I am trying to win the lottery. This is folly. I do not usually have a right-place-right-time kind of aura. Okay, there was the time I played tennis with NPH, but other than that, no. Luckily this is not like Portia’s lottery. If I don’t win, I won’t be cast out of NYC. But if I win? I’ll be spending the evening with a guy named William in a horrible storm. One might even call it a Tempest.
Every summer The Public Theater stages one of Shakespeare’s plays in Central Park’s Delacorte Theater. They call it (wait for it) Shakespeare in the Park.
What’s past is prologue. ~William Shakespeare, The Tempest
Shakespeare in the Park started in 1962 as a way to make Shakespeare, and theater in general, accessible to all. It’s f-r-e-e. Hence the lottery.
There are several ways to get tickets.
Option A: The Lazy Method. You enter online for a virtual drawing. Easy = everyone does it = you have to be very fortunate. We’ve already established this is not me. I refer you to paragraph one of this post.
Option B: The I-Have-All-Day Method. Line up at the theater; distribution is at noon until they run out of tickets. People begin lining up hours before. Sorry, William, I only do that for Bono.
Option C: The Bingo Method. This involves a trip to The Public Theater’s main location in Nolita. You drop a slip of paper into a canister and wait anxiously while names are plucked one by one. There are no set number of tickets available each day. This is where I wait now with my evening’s fate hanging in the balance.
We are such stuff as dreams are made on, and our little life is rounded with a sleep. ~William Shakespeare, The Tempest
The theater interns (or possibly volunteers) begin with the obligatory spinning of the canister. A few dozen of us are milling about, hoping that the odds will ever be in our favor.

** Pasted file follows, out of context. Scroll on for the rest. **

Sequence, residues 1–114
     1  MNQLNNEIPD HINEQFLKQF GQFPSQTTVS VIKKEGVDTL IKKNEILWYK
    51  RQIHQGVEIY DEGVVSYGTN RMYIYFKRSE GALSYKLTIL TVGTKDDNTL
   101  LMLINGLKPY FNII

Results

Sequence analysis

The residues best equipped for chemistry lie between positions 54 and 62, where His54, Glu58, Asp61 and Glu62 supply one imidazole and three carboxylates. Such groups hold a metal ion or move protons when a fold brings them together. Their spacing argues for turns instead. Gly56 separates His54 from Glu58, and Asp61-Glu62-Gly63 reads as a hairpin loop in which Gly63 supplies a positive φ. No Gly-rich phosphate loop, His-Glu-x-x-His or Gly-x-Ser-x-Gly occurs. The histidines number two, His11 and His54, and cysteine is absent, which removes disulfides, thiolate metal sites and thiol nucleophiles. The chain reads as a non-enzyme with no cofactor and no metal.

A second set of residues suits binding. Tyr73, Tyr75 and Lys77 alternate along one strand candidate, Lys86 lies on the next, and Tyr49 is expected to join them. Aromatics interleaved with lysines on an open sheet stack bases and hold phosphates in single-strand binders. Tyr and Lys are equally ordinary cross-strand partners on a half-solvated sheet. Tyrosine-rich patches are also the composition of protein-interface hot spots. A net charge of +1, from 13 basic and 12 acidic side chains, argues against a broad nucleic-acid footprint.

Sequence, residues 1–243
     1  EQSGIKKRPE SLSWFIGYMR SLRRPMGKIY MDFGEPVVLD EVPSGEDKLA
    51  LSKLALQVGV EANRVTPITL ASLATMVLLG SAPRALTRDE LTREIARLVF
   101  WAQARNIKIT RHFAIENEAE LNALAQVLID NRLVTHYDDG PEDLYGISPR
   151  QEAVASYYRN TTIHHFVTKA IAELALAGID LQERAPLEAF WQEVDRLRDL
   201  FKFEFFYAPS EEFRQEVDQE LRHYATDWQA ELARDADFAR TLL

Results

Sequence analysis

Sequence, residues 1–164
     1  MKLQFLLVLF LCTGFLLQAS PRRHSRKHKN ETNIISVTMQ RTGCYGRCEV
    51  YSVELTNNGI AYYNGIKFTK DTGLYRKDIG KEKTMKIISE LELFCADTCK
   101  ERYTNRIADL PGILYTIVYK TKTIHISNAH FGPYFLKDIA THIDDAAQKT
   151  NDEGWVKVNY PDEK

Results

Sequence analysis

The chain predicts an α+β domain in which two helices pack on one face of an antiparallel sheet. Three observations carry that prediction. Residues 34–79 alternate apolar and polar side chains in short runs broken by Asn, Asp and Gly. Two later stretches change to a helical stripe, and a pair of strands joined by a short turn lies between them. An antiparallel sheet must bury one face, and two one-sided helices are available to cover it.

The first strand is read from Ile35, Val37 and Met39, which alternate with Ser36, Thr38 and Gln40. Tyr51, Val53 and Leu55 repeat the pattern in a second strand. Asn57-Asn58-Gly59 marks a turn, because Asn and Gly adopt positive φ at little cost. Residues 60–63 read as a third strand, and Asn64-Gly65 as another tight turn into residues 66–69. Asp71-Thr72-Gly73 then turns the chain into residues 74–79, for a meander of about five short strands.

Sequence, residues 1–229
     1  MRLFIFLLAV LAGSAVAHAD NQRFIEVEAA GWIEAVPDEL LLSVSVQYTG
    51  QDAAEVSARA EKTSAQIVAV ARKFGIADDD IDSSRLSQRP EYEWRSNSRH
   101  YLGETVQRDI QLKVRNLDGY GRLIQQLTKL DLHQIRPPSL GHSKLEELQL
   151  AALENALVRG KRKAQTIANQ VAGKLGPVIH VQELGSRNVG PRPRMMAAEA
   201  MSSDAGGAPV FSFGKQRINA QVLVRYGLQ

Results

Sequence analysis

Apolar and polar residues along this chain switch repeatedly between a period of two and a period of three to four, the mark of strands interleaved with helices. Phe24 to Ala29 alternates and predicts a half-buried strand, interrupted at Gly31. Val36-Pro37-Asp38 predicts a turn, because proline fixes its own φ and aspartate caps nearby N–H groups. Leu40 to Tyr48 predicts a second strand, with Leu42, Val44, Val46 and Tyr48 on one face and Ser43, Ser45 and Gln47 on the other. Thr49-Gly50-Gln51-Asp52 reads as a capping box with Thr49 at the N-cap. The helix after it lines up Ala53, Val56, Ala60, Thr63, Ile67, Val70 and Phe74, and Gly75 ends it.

“It’s good karma to be happy for the winners,” one of the interns says as he calls the first name. “Richard Mayweather.”
Richard pops out of the crowd like Drew Carey has just called his name on The Price Is Right. The rest of us clap politely to bring forth positive vibes. One woman shouts, “Yay, Richard!” So we get into it. Each time a name is called we hoot and holler.
Then…my name is called! I’m so excited I nearly brake into a jog. I’m mentally preparing my acceptance speech, but the intern just hands me a voucher for two tickets as he moves onto the next name. (I would like to think that I broke my cycle of karmic near-misses, but as it turns out, everyone’s name was called today.)
Your tale, sir, would cure deafness. ~William Shakespeare, The Tempest
Over the years, Shakespeare in the Park has drawn big names to the stage: Meryl Streep in The Taming of the Shrew, Kevin Kline in Much Ado About Nothing (among others), Anne Hathaway in Twelfth Night, and John Lithgow as King Lear to name a few. Tonight, I’m seeing Sam Waterston as Prospero (formerly of Law & Order) and Jesse Tyler Ferguson as the jester (Modern Family).
All this star power is exciting, but I find the theater itself the most enchanting aspect of Shakespeare in the Park. The Delacorte is a small — maybe a few hundred people — outdoor theater in Central Park. I love that I can feel the soft breeze and hear the leaves on nearby trees rustle. The sky isn’t completely dark when the show begins. Soon, though, the mosquitoes are buzzing around the stage footlights and we wonder how the actors can keep their concentration. When Ferdinand says, “Hark, there is a noise from above,” and a helicopter flies overhead, we can’t help but laugh. Even Ferdinand breaks character and chuckles.
There’s something about experiencing a Shakespeare play live, especially in this setting. You’re miraculously transported from an urban jungle and washed up on a small island after a terrible storm.
Have you seen any plays recently? Shakespeare?
Have a great weekend, everyone!